Posted by Big Gav in india
The Business Spectator has an interesting column on India's growing energy needs and their renewable energy potential - India's will to power.
Though blessed with an abundance of non-depleting renewable energy resources, India’s record in tapping them has been dismal.
Mercifully, of late, renewable sources are getting greater attention. But there is still a long way to go from the 4.9 per cent that renewable energy contributes to total energy generated. The official target is to increase this share to 10 per cent by 2012 and further in subsequent years. ...
Among renewable sources, geothermal energy which is derived from natural heat stored in the deep interior of the earth promises to be a key source. Except for a few half-hearted attempts, the government has done practically nothing to exploit this vast reserve.
By present reckoning, India has a geothermal power potential of 10,600MW, but the country is yet to see a single commissioned project that harnesses this technology. Though the capital cost for generating energy through geothermal is Rs80 million ($A2.46 million) to Rs100 million per MW, the operating cost is minimal. This is not adequately appreciated.
India's first geothermal company GeoSyndicate Power Private has been permitted to assess the potential through exploratory drilling, It recently signed a MoU with Panx Geothermal, an Australian geothermal venture, to exploit the Godavari basin and Ladakh geothermal provinces to generate power.
The various assessment studies and surveys undertaken so far have resulted in the identification of 340 hot springs across the country. The discovery of vast geothermal reservoirs at Puga in the north-west of the Himalayas and Tatapani fields on the Narmada in central India also augurs well for the country.
Another promising form of renewable energy in which India has a distinct advantage due to bright sunshine nearly 300 days in a year is solar energy. Globally, it is the fastest growing source of energy with an annual average growth of 35 per cent. In this too India’s record in tapping the resource has been lacklustre. Compared to China which is projected to have 86,100MWP (mega watt-peak)of solar photovoltaics and 1500MWP of solar thermal power by 2025, India is expected to be in a position to harness only a quarter of that in the same period.
A statement by Prime Minister Manmohan Singh on the eve of the climate-themed G-8 summit in Japan last July struck an optimistic chord. He said: “We will pool all our scientific, technical and managerial talents, with financial sources, to develop solar energy as a source of abundant energy to power our economy and to transform the lives of our people.” But the proof of the pudding still lies in its eating.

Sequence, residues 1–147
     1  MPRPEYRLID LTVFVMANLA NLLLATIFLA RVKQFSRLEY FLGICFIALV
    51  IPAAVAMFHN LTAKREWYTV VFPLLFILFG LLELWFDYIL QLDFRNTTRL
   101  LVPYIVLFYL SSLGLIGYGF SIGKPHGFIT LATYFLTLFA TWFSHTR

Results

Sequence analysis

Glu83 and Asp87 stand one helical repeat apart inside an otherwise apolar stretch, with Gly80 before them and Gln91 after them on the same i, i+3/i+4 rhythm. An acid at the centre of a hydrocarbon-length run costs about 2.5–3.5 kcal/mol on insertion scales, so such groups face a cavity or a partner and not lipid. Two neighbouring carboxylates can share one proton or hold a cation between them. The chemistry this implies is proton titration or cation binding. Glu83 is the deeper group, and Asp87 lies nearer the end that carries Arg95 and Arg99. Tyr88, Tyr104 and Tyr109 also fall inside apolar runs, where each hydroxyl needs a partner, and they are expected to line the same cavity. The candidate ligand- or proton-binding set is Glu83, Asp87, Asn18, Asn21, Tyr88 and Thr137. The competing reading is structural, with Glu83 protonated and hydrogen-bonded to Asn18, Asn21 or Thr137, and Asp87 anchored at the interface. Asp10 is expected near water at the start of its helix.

India’s first solar thermal power plant with a capacity to produce 100MW power is expected to be commissioned in a year by Acme Energy Solutions. The company claims that the cost of electricity produced by it would be around Rs 8 per unit, which would be among the lowest in the world for such a project.
Even in harnessing wind power, India, though a relatively early entrant, is only now beginning to break out of inertia. Despite the fact that wind power accounts for 6 per cent of India's total installed power capacity, it generates only 1.6 per cent of the country's power. As of July 2008 the installed capacity of wind power in India was 8,696MW. It is estimated that 6,000MW of additional wind power capacity will be installed in India by 2012.
Thanks to the rise of Suzlon – a leading global wind turbine manufacturer – India now has the fourth largest installed wind power capacity in the world, and is the wind energy leader in the developing world.
Another energy source with strong potential is biomass. Every day, tons of crop residue and waste from industries such as agro-industry and food processing industries like fruits and vegetable processing, dairy, sugar mills, hotels, slaughter houses, fisheries are generated. The available biomass has a potential of generating 30,000MW of power, though the needed investment to exploit this resource is largely absent.
Not all biomass is ignored, however. Cow dung is another source of fuel that is used extensively in Indian villages. Scientists have developed cow-dung gas plants which give methane gas for fuel and rich slurry with high content of nitrogen. The cost-benefit analysis of this type of gas plant shows that the investment is economical and the fuel is environment-friendly.